3:30–4:00 pm Yanou Cui
(Virtual via Zoom)
Title: Cosmic Archaeology with gravitational waves from (axion) cosmic strings

Abstract: In this talk I will discuss important aspects of cosmology and particle physics that can be probed with GW signals from cosmic strings: probing the pre-BBN primordial dark age and axion physics.  Gravitational waves (GWs) originating from the dynamics of a cosmic string network have the ability to probe many otherwise inaccessible properties of the early universe. In particular, I will discuss how the frequency spectrum of a stochastic GW background (SGWB) from a cosmic string network can be used to probe Hubble expansion rate of the early universe prior to Big Bang Nucleosynthesis (BBN), during the “primordial dark age”. Furthermore I will show that in contrast to the standard expectation, cosmic strings formed before inflation could regrow back into the horizon and leave imprints, with GW bursts potentially being the leading signal. In relation to axion physics I will also demonstrate the detection prospect for SGWB from global/axion strings which may provide a new probe for axion-like dark matter models, considering various scenarios of cosmic history.

4:00–4:30 pm Michael Nee Title: The Boring Monopole

Abstract: First order phase transitions play an important role in the cosmology of many theories of BSM physics. In this talk I will discuss how a population of magnetic monopoles present in the early universe can seed first order phase transitions, causing them to proceed much more rapidly than in the usual case. The field profiles describing the decay do not have the typically assumed O(3)/O(4) symmetry, thus requiring an extension of the usual decay rate calculation. To numerically determine the saddle point solutions which describe the decay we use a new algorithm based on the mountain pass theorem. Our results show that monopole-catalysed tunnelling can dominate over the homogeneous decay for a wide range of parameters.


Thursday, August 4, 2022

9:00–9:30 am Breakfast
9:30–10:00 am Yikun Wang Title: A New Approach to Electroweak Symmetry Non-Restoration

Abstract: Electroweak symmetry non-restoration up to high temperatures well above the electroweak scale has intriguing implications for (electroweak) baryogenesis and early universe thermal histories. In this talk, I will discuss such a possible fate of the electroweak symmetry in the early universe and a new approach to realize it, via an inert Higgs sector that couples to the Standard Model Higgs as well as an extended scalar singlet sector. Examples of benchmark scenarios that allow for electroweak symmetry non-restoration all the way up to hundreds of TeV temperatures, at the same time featuring suppressed sphaleron washout factors down to the electroweak scale, will be presented. Renormalization group improvements and thermal resummation, necessary to evaluate the effective potential spanning over a broad range of energy scales and temperatures, have been implemented calculating the thermal history. This method for transmitting the Standard Model broken electroweak symmetry to an inert Higgs sector can be scrutinized through Higgs physics phenomenology and electroweak precision measurements at the HL-LHC.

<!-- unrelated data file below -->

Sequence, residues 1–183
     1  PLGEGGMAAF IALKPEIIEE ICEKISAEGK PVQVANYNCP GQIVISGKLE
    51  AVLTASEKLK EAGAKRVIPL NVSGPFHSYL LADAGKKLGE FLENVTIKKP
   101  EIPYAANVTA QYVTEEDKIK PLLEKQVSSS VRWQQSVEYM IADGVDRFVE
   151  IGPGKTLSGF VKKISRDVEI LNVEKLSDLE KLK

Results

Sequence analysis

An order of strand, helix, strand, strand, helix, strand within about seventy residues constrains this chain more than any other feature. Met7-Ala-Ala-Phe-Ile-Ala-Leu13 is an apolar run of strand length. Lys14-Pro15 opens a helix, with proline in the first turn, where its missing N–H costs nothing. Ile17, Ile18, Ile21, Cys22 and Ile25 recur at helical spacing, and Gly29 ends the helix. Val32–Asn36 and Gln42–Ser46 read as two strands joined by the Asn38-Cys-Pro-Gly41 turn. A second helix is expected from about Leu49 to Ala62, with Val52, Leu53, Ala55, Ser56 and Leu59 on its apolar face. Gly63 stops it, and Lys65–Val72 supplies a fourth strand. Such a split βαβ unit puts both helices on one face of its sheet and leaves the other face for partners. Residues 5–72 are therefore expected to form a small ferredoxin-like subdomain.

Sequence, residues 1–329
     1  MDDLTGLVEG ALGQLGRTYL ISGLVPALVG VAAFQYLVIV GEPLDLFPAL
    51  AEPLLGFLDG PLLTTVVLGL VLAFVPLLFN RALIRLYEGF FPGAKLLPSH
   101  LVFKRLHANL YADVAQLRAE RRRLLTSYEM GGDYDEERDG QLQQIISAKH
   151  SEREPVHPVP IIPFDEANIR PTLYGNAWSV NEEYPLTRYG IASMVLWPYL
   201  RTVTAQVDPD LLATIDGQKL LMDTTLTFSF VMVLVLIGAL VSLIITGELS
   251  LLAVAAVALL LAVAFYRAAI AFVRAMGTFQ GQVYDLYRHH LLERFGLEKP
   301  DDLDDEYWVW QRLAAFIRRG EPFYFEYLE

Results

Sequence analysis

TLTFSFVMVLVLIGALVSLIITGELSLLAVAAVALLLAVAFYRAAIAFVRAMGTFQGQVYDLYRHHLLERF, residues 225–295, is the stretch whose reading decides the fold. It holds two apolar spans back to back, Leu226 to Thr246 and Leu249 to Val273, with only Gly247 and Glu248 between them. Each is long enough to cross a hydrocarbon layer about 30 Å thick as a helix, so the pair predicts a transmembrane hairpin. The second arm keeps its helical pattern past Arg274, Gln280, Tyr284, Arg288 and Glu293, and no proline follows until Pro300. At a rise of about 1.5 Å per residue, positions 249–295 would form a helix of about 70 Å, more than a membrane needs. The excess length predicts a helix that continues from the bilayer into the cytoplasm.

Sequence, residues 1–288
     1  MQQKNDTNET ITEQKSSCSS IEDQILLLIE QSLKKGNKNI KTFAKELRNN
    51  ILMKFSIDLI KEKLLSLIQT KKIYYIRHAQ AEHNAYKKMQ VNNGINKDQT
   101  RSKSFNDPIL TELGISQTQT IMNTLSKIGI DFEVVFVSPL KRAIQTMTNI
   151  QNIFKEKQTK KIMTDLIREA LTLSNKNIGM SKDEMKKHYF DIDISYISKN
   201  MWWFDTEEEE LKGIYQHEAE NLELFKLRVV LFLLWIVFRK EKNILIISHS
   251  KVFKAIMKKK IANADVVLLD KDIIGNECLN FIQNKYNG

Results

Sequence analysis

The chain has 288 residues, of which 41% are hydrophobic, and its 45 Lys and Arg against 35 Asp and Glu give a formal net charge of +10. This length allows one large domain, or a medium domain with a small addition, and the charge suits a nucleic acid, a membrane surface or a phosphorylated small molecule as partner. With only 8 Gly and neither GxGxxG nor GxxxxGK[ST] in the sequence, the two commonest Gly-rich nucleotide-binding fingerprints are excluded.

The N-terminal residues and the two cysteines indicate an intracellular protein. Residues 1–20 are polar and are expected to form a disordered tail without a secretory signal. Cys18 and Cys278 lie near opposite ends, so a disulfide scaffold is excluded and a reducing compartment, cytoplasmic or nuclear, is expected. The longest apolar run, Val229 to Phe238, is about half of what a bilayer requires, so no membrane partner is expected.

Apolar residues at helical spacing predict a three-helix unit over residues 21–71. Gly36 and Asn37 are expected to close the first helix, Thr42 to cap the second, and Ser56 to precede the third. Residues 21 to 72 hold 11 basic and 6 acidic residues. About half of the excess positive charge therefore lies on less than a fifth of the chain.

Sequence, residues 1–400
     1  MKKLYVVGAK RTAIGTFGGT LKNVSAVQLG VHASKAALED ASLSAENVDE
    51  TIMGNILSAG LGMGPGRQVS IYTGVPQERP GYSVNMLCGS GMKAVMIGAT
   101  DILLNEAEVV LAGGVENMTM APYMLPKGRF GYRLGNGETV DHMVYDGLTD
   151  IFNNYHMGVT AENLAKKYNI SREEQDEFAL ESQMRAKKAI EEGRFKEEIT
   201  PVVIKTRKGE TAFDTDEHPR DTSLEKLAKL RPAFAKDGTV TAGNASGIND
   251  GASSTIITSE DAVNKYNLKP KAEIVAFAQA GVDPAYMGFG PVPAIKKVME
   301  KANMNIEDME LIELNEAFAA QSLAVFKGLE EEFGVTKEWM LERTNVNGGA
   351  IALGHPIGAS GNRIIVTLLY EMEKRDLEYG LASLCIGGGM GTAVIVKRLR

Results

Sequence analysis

10:00–10:30 am Soubhik Kumar Title: Probing primordial fluctuations through stochastic gravitational wave background anisotropies

Abstract: Stochastic gravitational wave backgrounds are expected to be anisotropic. While such anisotropies can be of astrophysical origin, a cosmological component of such anisotropies can carry rich information about primordial perturbations. Focusing on the case of a cosmological phase transition, I will talk about how such anisotropies can give us a powerful probe of primordial non-Gaussianities, complementary to current and future CMB and LSS searches. In the scenario where astrophysical foregrounds are also present, I will then discuss some strategies using which we can extract the cosmological signal, focusing on the case of LISA, Taiji and BBO, in particular.

10:30–11:00 am Jessica Howard
(Virtual via Zoom)
Title: Dark Matter Freeze-out during SU(2)_L Confinement

Abstract: We explore the possibility that dark matter is a pair of SU(2)_L doublets and propose a novel mechanism of dark matter production that proceeds through the confinement of the weak sector of the Standard Model. This phase of confinement causes the Standard Model doublets and dark matter to confine into pion-like objects. Before the weak sector deconfines, the dark pions freezeout and generate a relic abundance of dark matter. We solve the Boltzmann equations for this scenario to determine the scale of confinement and constituent dark matter mass required to produce the observed relic density. We determine which regions of this parameter space evade direct detection and collider bounds.

11:00–11:30 am Juven Wang Title: Quantum Matter Adventure to Beyond the Standard Model Prediction

Abstract: Ideas developed from the quantum matter and quantum field theory frontier may guide us to explore new physics beyond the 4d Standard Model. I propose a few such ideas. First, new physics for neutrinos: right-handed neutrinos carry a Z_{16} class mixed gauge-gravitational global anomaly index, which could be replaced by 4d or 5d topological quantum field theory, or 4d interacting conformal field theory. These theories provide possible new neutrino mass mechanisms [arXiv:2012.15860]. Second, deconfined quantum criticality between Grand Unified Theories: dictated by a Z_2 class global anomaly, a gapless quantum critical region can happen between Georgi-Glashow and Pati-Salam models as deformation of the Standard Model, where Beyond the Standard Model physics and Dark Gauge sector occur as neighbor phases [arXiv:2106.16248, arXiv:2112.14765, arXiv:2204.08393]. Third, the Strong CP problem can be solved by a new solution involving Symmetric Mass Generation [arXiv:2204.14271].